2015-09-18 - NUCLEAR EK FROM 178.62.72.26 - OAACDERESFTU.TK

PCAP AND MALWARE:

 

NOTES:

 


Shown above: EmergingThreats events after using tcpreplay on the pcap in Security Onion.

 

CHAIN OF EVENTS

ASSOCIATED DOMAINS:

 

COMPROMISED WEBSITE:


Shown above: injected script in page from the comrpomised website.

 

NUCLEAR EK:

 

POST-INFECTION TRAFFIC:

 

PRELIMINARY MALWARE ANALYSIS

FLASH EXPLOIT:

File name:  2015-09-18-Nuclear-EK-flash-exploit.swf
File size:  59.6 KB ( 61003 bytes )
MD5 hash:  c5d8570ec474f9d60927a695d56f24b2
SHA1 hash:  079b6bef4ec194c26c2446979773662a2589c33c
SHA256 hash:  264e4ada0f4dccad2566c7a65fd14331cc75d8004085c9f75a89dcabbc15d7a1
Detection ratio:  1 / 56
First submission:  2015-09-18 17:48:26 UTC
VirusTotal link:  https://www.virustotal.com/en/file/264e4ada0f4dccad2566c7a65fd14331cc75d8004085c9f75a89dcabbc15d7a1/analysis/

 

MALWARE PAYLOAD 1 OF 2:

File name:  2015-09-18-Nuclear-EK-malware-payload-1-of-2.exe
File size:  119.5 KB ( 122320 bytes )
MD5 hash:  aac02336420ccbfab665ff540f6ea64c
SHA1 hash:  8d27daed2d11f0be4baa2fc9c5acb5b3e3ba2d16
SHA256 hash:  1bb07d0a894f8993f00c3efa6b02b28e29e14cd4c624b034917147fffe0d01e9
Detection ratio:  4 / 56
First submission:  2015-09-18 17:13:43 UTC
VirusTotal link:  https://www.virustotal.com/en/file/1bb07d0a894f8993f00c3efa6b02b28e29e14cd4c624b034917147fffe0d01e9/analysis/
Malwr link:  https://malwr.com/analysis/YWYyYWQ2YWVjYjAxNDVlZWJmZGU5ZmYxOWUwZDEwMDA/
Hybrid-Analysis link:  https://www.hybrid-analysis.com/sample/1bb07d0a894f8993f00c3efa6b02b28e29e14cd4c624b034917147fffe0d01e9?environmentId=4

 

MALWARE PAYLOAD 2 OF 2:

File name:  2015-09-18-Nuclear-EK-malware-payload-2-of-2.exe
File size:  785.5 KB ( 804352 bytes )
MD5 hash:  67fefb283d13612ac25158ec091c4ce4
SHA1 hash:  beb72b957c58ed3d4a6a6145452f4dc1aab538ff
SHA256 hash:  8e1fa4954c53d4156370dec97c6d8f857db1017692a8e7ffbdededbcb930cfb3
Detection ratio:  39 / 55
First submission:  2015-05-05 20:00:31 UTC
VirusTotal link:  https://www.virustotal.com/en/file/8e1fa4954c53d4156370dec97c6d8f857db1017692a8e7ffbdededbcb930cfb3/analysis/
Malwr link:  https://malwr.com/analysis/YzhmOGVkMGMxYTk0NDAxMmE1MjI4NWQ4ZWZlMjRhZTc/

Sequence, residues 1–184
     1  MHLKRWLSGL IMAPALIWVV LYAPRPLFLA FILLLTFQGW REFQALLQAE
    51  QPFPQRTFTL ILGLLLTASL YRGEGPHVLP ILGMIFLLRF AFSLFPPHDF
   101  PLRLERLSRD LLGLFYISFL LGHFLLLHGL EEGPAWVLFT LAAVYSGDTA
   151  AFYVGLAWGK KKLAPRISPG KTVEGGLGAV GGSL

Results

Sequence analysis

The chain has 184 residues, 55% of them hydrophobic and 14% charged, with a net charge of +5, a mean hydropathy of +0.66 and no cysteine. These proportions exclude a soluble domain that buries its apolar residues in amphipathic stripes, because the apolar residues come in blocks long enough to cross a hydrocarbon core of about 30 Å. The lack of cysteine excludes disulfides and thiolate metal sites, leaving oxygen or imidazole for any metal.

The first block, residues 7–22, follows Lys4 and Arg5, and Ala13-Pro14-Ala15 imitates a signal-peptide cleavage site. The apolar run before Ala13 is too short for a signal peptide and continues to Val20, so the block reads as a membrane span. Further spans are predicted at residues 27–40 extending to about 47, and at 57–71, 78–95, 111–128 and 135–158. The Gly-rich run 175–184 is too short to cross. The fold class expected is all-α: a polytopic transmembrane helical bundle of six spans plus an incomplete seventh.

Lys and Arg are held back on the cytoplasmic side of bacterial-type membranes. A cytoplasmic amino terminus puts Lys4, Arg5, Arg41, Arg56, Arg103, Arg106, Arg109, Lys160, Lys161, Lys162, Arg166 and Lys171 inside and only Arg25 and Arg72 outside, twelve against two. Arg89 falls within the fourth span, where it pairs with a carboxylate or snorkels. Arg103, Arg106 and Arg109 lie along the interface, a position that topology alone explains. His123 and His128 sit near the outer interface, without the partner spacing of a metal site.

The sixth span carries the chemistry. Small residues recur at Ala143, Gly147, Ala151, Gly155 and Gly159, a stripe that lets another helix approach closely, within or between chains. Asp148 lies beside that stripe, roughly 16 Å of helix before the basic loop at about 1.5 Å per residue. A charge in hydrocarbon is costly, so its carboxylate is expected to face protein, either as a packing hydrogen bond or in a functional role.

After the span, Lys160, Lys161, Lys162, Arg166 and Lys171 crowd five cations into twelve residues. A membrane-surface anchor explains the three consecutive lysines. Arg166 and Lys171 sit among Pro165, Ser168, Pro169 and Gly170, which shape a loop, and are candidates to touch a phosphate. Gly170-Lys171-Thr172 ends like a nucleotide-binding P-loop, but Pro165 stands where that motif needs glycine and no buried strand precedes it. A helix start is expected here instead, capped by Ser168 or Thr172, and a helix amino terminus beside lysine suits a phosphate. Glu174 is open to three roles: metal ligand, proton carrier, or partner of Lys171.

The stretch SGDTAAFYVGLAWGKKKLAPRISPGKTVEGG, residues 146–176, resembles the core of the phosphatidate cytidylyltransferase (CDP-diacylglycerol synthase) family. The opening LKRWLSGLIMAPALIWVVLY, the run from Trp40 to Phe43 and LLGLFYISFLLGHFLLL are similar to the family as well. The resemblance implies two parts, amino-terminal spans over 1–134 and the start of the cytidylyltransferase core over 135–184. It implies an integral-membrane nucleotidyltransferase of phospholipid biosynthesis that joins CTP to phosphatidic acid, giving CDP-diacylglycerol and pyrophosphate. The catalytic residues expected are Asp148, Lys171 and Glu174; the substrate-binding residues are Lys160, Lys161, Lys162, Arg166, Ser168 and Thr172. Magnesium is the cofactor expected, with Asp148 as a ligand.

Hybrid-Analysis link:  https://www.hybrid-analysis.com/sample/8e1fa4954c53d4156370dec97c6d8f857db1017692a8e7ffbdededbcb930cfb3?environmentId=4

 

OTHER FILE ON INFECTED HOST:

NOTE: This malware exhibited some of the same characteristics as malware payload 2 of 2.
File name:  C:\Users\username\AppData\Local\Temp\37577C28.exe
File name:  C:\ProgramData\Drivers\csrss.exe
File size:  865.0 KB ( 885760 bytes )
MD5 hash:  a33bd7f15f886aa1bb9ec3a7d48765c0
SHA1:  4860e85ea05229954596190032d9d0e98a10a281
SHA256:  65f4c3513058984576901221c97b4c884a1e1672591ccea455f49f84c7ef3960
Detection ratio:  33 / 56
First submission:  2015-09-17 01:44:41 UTC
VirusTotal link:  https://www.virustotal.com/en/file/65f4c3513058984576901221c97b4c884a1e1672591ccea455f49f84c7ef3960/analysis/
Malwr link:  https://malwr.com/analysis/ZDdmNDA5MzkyMjIxNDdhNGIxNzExZmM3NWExMWYwNTU/
Hybrid-Analysis link:  https://www.hybrid-analysis.com/sample/65f4c3513058984576901221c97b4c884a1e1672591ccea455f49f84c7ef3960?environmentId=4

 

SCREENSHOTS

Below is a screenshot fo the infected Windows desktop:

 

The text files dumped to the desktop all have the same message and same email addresses to discuss the ransom payment:

 

The first thing I'll do after infecting a Windows host is review the traffic, filtering on http.request.  In this case, The infected host performed scanning or brute force login attempts to various Wordpress sites.  There's more than the ransomware going on here:

 

If you check the Nuclear EK traffic, you'll find two malware payloads were passed.  They're easy to spot because of the repeating ASCII patterns in the data passed.  As I've noted before in some previous blog entries a while back, Nuclear EK XORs the malware payload with an ASCII string.

 

To get an idea of the http and other TCP traffic (SSL, etc), I'll usually use this filter: http.request and (!(tcp.port eq 80) and tcp.flags eq 0x0002)

 

The traffic on ports 443, 9001, and 9010 is SSL traffic.  In this case, it's TOR traffic caused by the malware.  Filter on http.request or ssl.handshake.extensions_server_name to see the the server names used in the TOR traffic.  For how to display ssl.handshake.extensions_server_name as a column in Wireshark, click here.

To deocode SSL traffic on non-standard SSL ports in Wireshark, from the menu, use Analyze --> Decode As...  To see everything you've set up to decode as a particular protocol, use Analyze --> User Specified Decodes...

 

One of the TCP streams over port 80 was also SSL TOR traffic.  Use Analyze --> Decode As... to properly parse this TCP stream.

 

I also noticed some unencrypted callback traffic from the infected host over 217.23.8.164 port 80 that wasn't HTTP.

 

FINAL NOTES

Once again, here's the PCAP of the traffic and ZIP file of the malware:

The ZIP file is password-protected with the standard password.  If you don't know it, email me at admin@malware-traffic-analysis.net and ask.

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